Judge orders no financial provision for deceased’s adult children
In the recent case of Miles & Shearer v Shearer  EWHC 1000 (Ch), a claim was brought against the estate of Anthony Shearer.
Anthony’s estate was valued at £2.2 million.
The claimants were Anthony’s two adult daughters, Juliet and Lauretta, who were aged 40 and 39 at the time of their claim. Juliet and Lauretta’s mother, Jennifer, was Anthony’s first wife.
Anthony had left Juliet and Lauretta out of his last Will.
He had instead chosen to leave the majority of his estate to his second wife, Pamela, who ended up defending the claims.
Juliet and Lauretta sought reasonable financial provision from Anthony’s estate under the Inheritance (Provision for Family and Dependants) Act 1975 (the ‘1975 Act’).
In 1975 Act claims, if the court considers that there has been a failure by the deceased to make reasonable financial provision for a claimant, the court will consider what financial provision should be made from the estate to right the wrong.
At the time of the trial, Juliet was divorcing her second husband and had two children of her own, the younger of which was severely autistic. She was not working, but wanted to become a dog behaviourist, and she was living with Jennifer in a large house in the country. She had capital of about £177,000.
From her father’s estate, she sought funding for housing, the costs of her training to become a dog behaviourist and a lump sum payment for her maintenance.
The court rejected her arguments stating that she had not established a need for maintenance from the estate, there were realistic housing alternatives available to her even if Jennifer sold the house they shared and that she could realistically earn £15,000 per annum as a dog behaviourist, which would be sufficient to cover her maintenance needs if adjustments were made to her lifestyle.
Lauretta was divorced, had one child, was working at an auction house earning £70,000 per annum and had capital of around £300,000.She sought a lump sum of £244,000 to allow her to switch from an interest only to a repayment mortgage and a lump sum of £105,000 to allow her to buy out her ex-husband from their flat.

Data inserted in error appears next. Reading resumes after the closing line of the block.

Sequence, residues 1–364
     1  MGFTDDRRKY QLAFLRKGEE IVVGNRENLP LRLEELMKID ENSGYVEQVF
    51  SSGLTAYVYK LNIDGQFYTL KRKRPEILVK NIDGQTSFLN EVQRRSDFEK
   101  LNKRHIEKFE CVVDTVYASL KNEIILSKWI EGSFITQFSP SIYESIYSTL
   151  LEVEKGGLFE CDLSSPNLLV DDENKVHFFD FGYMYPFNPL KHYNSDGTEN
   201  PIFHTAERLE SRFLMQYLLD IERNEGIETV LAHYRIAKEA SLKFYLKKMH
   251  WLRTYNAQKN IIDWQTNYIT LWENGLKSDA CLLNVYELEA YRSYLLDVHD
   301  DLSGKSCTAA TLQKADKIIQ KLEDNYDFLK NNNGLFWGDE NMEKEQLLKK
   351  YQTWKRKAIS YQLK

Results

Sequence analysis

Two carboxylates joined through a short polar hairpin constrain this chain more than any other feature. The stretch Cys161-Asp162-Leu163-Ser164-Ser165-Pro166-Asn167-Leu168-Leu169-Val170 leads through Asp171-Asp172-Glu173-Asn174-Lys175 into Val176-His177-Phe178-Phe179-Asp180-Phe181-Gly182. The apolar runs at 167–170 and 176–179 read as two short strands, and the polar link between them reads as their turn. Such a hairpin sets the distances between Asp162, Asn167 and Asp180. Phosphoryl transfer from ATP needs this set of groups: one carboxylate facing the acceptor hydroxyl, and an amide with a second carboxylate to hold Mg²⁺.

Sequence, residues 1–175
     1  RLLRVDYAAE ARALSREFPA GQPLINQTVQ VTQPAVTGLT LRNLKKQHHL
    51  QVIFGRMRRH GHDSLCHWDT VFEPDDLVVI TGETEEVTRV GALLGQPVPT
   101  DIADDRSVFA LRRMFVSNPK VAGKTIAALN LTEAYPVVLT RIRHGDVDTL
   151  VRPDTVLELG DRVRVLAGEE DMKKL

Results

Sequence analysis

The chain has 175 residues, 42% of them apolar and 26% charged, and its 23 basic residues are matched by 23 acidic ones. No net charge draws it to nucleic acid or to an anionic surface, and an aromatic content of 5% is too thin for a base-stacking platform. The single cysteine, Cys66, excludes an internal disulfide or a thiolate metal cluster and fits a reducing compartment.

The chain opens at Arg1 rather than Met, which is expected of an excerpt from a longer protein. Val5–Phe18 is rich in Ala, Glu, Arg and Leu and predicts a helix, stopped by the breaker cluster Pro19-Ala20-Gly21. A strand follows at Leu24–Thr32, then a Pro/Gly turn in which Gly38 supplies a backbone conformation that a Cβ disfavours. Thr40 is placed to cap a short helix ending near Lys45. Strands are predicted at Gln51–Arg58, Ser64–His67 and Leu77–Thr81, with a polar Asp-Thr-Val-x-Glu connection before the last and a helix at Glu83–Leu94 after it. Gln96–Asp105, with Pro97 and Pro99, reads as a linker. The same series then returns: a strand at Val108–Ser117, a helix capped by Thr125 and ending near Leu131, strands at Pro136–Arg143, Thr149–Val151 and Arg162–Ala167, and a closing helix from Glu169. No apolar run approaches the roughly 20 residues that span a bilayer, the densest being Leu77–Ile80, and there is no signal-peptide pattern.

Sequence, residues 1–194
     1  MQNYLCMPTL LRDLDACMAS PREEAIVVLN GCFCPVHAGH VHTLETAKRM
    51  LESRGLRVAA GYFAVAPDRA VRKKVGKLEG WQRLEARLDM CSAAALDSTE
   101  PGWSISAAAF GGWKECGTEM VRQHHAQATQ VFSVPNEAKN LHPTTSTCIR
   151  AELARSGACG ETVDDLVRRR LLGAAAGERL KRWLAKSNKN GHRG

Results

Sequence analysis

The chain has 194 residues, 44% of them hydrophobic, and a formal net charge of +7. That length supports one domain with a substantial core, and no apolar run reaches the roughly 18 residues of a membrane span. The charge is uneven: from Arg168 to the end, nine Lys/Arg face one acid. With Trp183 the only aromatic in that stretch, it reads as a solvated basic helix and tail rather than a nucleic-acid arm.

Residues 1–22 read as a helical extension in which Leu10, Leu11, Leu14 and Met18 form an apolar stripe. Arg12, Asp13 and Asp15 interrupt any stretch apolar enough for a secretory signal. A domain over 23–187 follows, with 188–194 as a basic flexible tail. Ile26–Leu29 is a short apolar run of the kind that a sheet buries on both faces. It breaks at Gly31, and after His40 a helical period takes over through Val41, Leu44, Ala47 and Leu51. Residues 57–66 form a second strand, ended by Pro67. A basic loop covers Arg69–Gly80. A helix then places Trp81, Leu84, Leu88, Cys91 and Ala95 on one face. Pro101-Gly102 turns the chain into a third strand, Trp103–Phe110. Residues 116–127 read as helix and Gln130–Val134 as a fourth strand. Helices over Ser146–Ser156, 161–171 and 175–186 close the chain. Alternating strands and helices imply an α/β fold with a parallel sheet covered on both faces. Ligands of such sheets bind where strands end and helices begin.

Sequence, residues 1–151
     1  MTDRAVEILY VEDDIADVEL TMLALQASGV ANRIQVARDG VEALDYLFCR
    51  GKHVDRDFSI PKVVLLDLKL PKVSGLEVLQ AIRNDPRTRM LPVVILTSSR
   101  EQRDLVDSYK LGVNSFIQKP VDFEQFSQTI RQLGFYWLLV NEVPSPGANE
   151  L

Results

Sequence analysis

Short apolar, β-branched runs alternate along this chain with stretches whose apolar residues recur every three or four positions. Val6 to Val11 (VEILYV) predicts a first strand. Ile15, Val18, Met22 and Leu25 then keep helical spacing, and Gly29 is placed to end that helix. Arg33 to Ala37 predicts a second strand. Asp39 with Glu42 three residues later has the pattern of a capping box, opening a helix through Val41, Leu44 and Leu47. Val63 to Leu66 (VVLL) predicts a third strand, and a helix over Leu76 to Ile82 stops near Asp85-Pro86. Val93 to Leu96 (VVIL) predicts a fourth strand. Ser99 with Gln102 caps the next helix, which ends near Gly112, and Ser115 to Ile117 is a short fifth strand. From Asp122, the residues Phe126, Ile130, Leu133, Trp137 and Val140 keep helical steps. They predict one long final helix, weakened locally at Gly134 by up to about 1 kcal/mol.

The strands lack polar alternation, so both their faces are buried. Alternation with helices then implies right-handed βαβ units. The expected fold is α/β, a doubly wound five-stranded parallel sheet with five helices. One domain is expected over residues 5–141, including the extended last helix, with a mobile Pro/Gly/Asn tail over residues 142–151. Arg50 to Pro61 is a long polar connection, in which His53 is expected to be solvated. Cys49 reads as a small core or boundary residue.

The court also rejected her arguments, deciding it was unlikely that the sum of £244,000, to enable the conversion of the mortgage, would fall within the ‘maintenance’ requirement under the 1975 Act, and that the £105,000 requested did not fall within her financial needs.
Juliet and Lauretta failed to show that their father had an obligation and/or responsibility for them at the time of his death. The court came to the conclusion that Anthony had no legal obligation to maintain the claimants after they reached 18 years old.
A hugely important factor for the court in deciding the claims was that Anthony had previously made gifts of £177,000 and £185,000 to his daughters in 2008 and made clear to them that he would not provide them with any further financial assistance, which he did not.
The Judge ultimately concluded that both daughters were able to meet their maintenance needs from resources other than their father’s estate and, at the time of his death, their father had no obligation or responsibility towards them.
As such, they both failed to establish that reasonable financial provision had not been provided for them and their claims were dismissed.
Juliet and Lauretta have been given permission to appeal, so watch this space.